January 16, 2013
David Henry G.
David, 27, seems to be brimming with confidence. He’s got a good, deep voice, and he’s still when he speaks. I fidget. My fingers or toes are generally wiggling, and I shift my position constantly. It suddenly dawns on me — I’m jealous. Why can’t I be as sure of myself?
“I’m from Washington, D.C. My mother’s a Jewish cookbook writer, Joan Nathan. My father’s a lawyer. I have two older sisters. I went to Columbia, studied English. I went to England and studied acting [there]. Made a few films. Acted in a few films. I lived in New York for the last eight years, since Columbia. I moved here a few months ago. I’m loving it. My sister lives here. She’s a journalist. I also work as a private chef on the side. I used to want to be a chef for a long time. I started working in restaurants when I was 15. My mother told me I couldn’t be a chef, so I spited her and became an actor.” He laughs.
“I like interesting women who do interesting things — who are really their own people and sort of motivate you. Kindness is important. Not niceness, but kindness. There’s something false about niceness and something authentic about kind[ness]. People I’ve dated in the past have been farmers [and] painters.” He met them summering on Martha’s Vineyard. I’ve never been there, but I picture him hanging out with the Kennedys on a yacht. And jealousy keeps rearing its ugly head.
“Generally, I’ve liked sort of goyishe girls — blond, beautiful … I like brunettes, too. I like small women. I like earthy women. I like women who know how to stick their hands in soil. I’m that way, too. When I was living in Brooklyn, I had my own vegetable garden in the backyard. I can build stuff.”
I need to find this guy’s kryptonite. “What makes you difficult?” I ask.
“I tend to be reserved sometimes … which can come across as cocky.” He nails exactly what’s been bothering me about him. He seems cocky. “I have this weird balance where I’m super cocky and secure, to just being panicked and [this] nebbishy doubting everything and wondering what I should do. That’s just the worst. You want to stay away from that aspect of yourself as much as possible.” His cockiness is his defense mechanism. But he tells me he often feels insecure. My jealousy quickly dissipates.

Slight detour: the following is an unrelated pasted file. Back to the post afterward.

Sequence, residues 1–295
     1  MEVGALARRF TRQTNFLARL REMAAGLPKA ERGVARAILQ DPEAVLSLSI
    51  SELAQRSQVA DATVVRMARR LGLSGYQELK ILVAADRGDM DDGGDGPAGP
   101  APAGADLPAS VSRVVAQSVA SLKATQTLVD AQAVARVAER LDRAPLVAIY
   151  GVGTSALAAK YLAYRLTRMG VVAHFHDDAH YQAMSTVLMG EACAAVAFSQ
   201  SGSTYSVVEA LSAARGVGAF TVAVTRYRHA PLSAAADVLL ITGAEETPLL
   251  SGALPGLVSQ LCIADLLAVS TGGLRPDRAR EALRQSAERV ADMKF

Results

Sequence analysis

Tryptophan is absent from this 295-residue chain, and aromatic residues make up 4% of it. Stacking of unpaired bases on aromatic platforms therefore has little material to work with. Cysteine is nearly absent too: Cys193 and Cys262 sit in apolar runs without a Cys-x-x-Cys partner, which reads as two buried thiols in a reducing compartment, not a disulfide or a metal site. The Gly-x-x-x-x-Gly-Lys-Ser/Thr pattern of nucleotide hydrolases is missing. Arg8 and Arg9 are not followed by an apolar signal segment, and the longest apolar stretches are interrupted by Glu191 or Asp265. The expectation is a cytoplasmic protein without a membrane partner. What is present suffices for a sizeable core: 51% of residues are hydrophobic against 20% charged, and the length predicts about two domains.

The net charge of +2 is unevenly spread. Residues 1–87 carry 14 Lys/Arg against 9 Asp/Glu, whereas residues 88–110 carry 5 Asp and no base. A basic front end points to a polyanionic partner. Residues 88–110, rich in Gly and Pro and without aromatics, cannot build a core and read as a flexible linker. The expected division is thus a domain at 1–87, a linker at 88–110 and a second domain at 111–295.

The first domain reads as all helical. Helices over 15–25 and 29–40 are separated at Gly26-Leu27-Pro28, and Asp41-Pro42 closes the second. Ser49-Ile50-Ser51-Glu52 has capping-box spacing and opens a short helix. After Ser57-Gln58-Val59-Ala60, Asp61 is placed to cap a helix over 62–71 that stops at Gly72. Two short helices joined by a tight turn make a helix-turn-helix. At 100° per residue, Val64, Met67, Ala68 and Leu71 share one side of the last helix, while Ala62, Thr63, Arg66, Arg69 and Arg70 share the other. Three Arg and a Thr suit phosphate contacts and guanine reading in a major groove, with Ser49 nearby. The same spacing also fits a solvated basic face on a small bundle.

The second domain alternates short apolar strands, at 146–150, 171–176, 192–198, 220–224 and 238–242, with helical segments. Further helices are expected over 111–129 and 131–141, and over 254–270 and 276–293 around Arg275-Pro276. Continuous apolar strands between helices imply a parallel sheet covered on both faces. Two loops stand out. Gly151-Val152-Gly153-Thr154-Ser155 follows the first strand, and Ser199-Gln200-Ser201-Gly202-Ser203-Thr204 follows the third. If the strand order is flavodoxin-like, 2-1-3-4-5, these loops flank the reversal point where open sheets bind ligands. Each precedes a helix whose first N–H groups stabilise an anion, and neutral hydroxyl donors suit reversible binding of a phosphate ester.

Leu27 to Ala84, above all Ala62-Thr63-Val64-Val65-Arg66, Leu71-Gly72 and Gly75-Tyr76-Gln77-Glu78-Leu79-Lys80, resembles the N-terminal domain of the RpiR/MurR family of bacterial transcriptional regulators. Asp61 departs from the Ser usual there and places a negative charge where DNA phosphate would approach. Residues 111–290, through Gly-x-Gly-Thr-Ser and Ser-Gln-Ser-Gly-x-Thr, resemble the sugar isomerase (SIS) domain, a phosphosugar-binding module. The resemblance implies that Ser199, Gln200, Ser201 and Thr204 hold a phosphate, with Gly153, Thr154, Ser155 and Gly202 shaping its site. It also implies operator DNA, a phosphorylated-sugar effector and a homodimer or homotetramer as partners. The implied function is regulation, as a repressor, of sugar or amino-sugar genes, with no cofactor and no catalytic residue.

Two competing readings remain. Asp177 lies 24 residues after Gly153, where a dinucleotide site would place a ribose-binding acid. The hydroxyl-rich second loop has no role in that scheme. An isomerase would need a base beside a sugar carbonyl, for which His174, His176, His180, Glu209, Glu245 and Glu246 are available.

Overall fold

“I can also be very demanding — wanting to do it my way. That’s probably my biggest problem in general — wanting to do it your way, which is a good thing, [but] can also set you back in a lot of ways. I’ve done enough where I don’t feel insecure, and then I sit next to Andrew Garfield and I think he’s done so much. That’s what’s so hard is feeling like you have to justify yourself when you haven’t won your Tony or your Oscar yet, when you know [you have the potential]. I think my other big fault is I can just be too uptight. I can take things too seriously. I think I want to take things less seriously. I was grinding my teeth in New York.” Part of the reason he moved to Los Angeles was to get back in touch with what’s important. I think if people in general are in that place where they’re fully themselves, then we’re in a better place.
“What makes you great?” I ask.
“I think I have a unique way of looking at the world. And I’m a doer. I like to do and make things happen. I’m always looking for beauty … whether it’s visually, about character [or] about the world … I’m always trying to find beauty.”
Seth Menachem is an actor and writer living in Los Angeles with his wife and two children. You can see more of his work on his Web site, sethmenachem.com, and meet even more single peeps at mysinglepeeps.com.